Amona’s settlers have refused an offer to relocate their hilltop West Bank outpost, even though Attorney- General Avichai Mandelblit said Sunday that the latest legislative drive to legalize their homes is unconstitutional.
“Our homes can’t be moved. Our lives are not an instance of copy and paste,” Amona spokesman Avichai Boaron said.
He spoke after Justice Minister Ayelet Shaked deferred until next Sunday a debate on a bill designed to help the 40 families remain in their homes. The High Court of Justice has ordered the homes razed by the end of December because they were built without permits on private Palestinian property.
Shaked had initially agreed that the Ministerial Legislative Committee would vote on a bill to retroactively legalize settler homes built on private Palestinian land, such as in Amona, in exchange for granting compensation to the original land owners.
Netanyahu has in the past opposed large scale legislative efforts to tackle the issue of unauthorized outposts and homes in the West Bank. He has not spoken publicly on the matter and it is presumed that he is opposed to this legislative drive as well.
Right-wing politicians are hopeful that, given the rightwing composition of his coalition and the broad support of its members for Amona, that Netanyahu might, in this case, take the legislative route to save the hilltop community.
But those hopes were dashed on Sunday, at a meeting with the heads of the coalition parties and Mandelblit. He told them that the bill, which was penned by MK Shuli Moalem-Refaeli (Bayit Yehudi) and MK Yoav Kisch (Likud), is unconstitutional and would not stand up in court.
Shaked’s response was to delay the discussion of the bill by a week in hopes that Defense Minister Avigdor Liberman would come up with an alternative relocation plan in the coming days.
In the past months, Amona residents turned down the offer of legal homes near the Shiloh settlement. This newest offer, however, would relocate their homes to a site that is very close to the outpost’s current location on the outskirts of the Ofra settlement.
Right-wing politicians who promised that Amona would not be destroyed are hopeful that the proximity of the new site to their old homes and to Ofra would make it acceptable to the outpost’s residents.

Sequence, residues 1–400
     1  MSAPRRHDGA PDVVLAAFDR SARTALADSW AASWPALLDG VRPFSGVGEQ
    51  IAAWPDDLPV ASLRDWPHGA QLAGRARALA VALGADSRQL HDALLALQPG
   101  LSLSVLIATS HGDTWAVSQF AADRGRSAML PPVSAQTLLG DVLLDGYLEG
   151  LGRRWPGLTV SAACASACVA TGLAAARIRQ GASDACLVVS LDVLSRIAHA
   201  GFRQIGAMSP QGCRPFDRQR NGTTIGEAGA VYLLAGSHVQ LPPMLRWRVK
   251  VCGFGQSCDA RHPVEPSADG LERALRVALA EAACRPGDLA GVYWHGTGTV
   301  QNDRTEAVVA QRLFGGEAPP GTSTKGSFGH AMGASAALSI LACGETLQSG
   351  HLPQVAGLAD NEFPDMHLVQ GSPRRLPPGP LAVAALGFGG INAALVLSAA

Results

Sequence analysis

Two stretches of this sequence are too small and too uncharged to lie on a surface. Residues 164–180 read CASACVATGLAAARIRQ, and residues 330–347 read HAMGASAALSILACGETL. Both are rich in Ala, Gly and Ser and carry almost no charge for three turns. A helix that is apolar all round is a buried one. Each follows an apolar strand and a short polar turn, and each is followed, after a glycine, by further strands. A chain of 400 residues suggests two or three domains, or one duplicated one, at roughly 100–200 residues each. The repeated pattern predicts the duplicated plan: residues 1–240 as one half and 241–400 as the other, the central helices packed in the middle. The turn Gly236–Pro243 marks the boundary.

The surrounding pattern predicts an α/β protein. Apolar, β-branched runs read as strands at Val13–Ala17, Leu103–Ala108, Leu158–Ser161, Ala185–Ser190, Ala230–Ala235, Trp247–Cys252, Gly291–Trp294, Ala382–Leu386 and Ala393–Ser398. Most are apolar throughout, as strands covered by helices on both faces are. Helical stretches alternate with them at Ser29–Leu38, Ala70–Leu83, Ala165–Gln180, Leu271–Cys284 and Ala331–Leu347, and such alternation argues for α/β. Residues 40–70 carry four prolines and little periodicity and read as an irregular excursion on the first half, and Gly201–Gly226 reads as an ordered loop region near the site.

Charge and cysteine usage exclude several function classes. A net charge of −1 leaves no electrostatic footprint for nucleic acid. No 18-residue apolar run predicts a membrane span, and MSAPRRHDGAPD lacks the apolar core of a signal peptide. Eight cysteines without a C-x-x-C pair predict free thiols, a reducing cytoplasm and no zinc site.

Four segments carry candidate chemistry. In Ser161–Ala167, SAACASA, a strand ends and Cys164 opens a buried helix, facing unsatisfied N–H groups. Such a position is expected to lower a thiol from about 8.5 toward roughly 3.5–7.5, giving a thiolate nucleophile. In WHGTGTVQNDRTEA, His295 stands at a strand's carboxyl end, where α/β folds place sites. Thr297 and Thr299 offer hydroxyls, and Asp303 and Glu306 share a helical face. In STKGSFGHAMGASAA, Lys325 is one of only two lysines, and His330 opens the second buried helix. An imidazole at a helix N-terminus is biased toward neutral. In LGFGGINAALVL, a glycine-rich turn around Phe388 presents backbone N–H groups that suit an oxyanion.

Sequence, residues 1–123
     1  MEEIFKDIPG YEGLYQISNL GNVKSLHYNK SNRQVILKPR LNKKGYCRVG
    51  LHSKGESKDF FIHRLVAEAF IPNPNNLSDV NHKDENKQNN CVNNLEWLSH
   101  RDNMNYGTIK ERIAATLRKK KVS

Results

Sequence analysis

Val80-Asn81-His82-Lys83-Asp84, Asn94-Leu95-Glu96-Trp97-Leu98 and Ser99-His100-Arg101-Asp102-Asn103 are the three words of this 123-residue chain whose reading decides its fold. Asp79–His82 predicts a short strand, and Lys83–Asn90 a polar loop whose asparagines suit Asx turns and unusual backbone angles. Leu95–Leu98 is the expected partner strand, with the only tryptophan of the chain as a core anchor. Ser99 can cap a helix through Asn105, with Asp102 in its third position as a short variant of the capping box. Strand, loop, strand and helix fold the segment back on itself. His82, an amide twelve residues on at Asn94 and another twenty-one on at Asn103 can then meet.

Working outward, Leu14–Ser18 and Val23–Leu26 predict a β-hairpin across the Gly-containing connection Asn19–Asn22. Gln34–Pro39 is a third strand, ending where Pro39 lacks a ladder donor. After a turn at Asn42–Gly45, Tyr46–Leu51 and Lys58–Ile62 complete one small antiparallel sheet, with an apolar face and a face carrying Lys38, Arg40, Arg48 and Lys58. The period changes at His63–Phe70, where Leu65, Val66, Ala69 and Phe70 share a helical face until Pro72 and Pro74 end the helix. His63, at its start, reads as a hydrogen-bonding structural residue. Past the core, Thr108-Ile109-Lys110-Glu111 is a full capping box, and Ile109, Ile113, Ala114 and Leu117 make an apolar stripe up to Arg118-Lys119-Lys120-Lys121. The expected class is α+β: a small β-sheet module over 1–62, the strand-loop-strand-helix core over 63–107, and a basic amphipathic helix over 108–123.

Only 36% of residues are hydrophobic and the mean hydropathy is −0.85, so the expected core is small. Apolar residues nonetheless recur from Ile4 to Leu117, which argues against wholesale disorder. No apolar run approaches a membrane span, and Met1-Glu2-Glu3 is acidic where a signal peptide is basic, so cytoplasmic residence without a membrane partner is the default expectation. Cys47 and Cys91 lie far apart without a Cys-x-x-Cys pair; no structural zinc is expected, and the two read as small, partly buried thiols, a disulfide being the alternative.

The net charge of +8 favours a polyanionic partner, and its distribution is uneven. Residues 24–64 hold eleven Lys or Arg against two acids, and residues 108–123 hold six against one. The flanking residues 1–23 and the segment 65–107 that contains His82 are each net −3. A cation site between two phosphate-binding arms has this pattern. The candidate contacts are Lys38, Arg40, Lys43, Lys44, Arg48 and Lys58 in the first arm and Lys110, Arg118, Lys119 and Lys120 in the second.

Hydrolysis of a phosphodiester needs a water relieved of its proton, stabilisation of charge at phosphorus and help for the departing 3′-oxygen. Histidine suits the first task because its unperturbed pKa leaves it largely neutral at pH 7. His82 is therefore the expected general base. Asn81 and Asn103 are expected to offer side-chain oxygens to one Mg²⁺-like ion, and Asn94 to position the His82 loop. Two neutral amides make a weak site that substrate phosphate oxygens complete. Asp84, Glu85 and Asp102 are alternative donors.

They envision a compromise situation akin to what happened to the Migron outpost, which like Amona was built on private Palestinian property.
In 2012, the government relocated the 50 families in the Migron outpost to a new legal site, just a few kilometers away from their old one.
Amona residents, have insisted, however, that the Ministry of Housing and Construction made them believe that the outpost would eventually be legalized by granting them NIS 2.16 million for infrastructure when the outpost was first built in 1995.
“The government made promises to us, that it now must keep,” said Boaron.
The compensation bill to retroactively legalize the homes is akin to what would happen if the structures were discovered to be on someone else’s private property in Tel Aviv, he said.
“Our blood is not less red than other residents of this country. If their homes can be legalized, then so can ours.
If Ayelet Shaked wants to go against the voters who put her in office, she can. But we won’t accept any kind of relocation plan,” Boaron said. “Are we not people? Do we not have children?” he asked.
He warned that the demolition of their homes would endanger some 2,000 others throughout the West Bank, which were similarly unauthorized.
The bill by Moalem-Refaeli and Kisch attempts to tackle the status of these homes located in outposts and unauthorized homes in otherwise legal settlements. They were built in many cases with governmental support, including monetary grants.
The families that built their homes there, in many cases, learned only later that they were living on private Palestinian property, the bill stated.
In some cases the government officials didn’t know that the land in question was private Palestinian property and in other cases they believed that a solution could be found, the bill states.
There is a growing belief among the settlement population that what should have been a normal technical process has been halted by political and diplomatic consideration that would not have been in play had their homes been located elsewhere, the bill stated.
It noted that many of the homes are located in areas that are strategically important, particularly from a security perspective.
“By passing this bill, we can save this community from destruction and prevent a precedent that would harm other communities in Judea and Samaria,” she said.
“When it comes to Amona’s existence, the hourglass is slowly running out of time,” warned Moalem-Refaeli.
But MK Eitan Broshi (Zionist Union), who in the past served as a Defense Ministry adviser on settlement affairs, said that all the political will in the world won’t make the bill constitutional.
“It’s not acceptable to the High Court of Justice and it is even less acceptable to the international community and our allies within it,” Broshi said. He warned that outpost residents are endangering the entire settlement enterprise.
The political drive to save Amona comes amid a renewed push to revive the peace process, which has been frozen since April 2014.
The prime minister is under pressure from the European Union and the United States not to take steps to retroactively legalize outposts or settler homes in the West Bank.
Amona is famous for the violent clashes that occurred there in 2006 between security forces and the settlers when the IDF came to raze nine illegally built homes.
In 2014, the High Court of Justice ordered the demolition of the entire outpost in response to a petition by the NGO Yesh Din, which represents 10 families from the nearby village of Silwad who claim ownership of the land.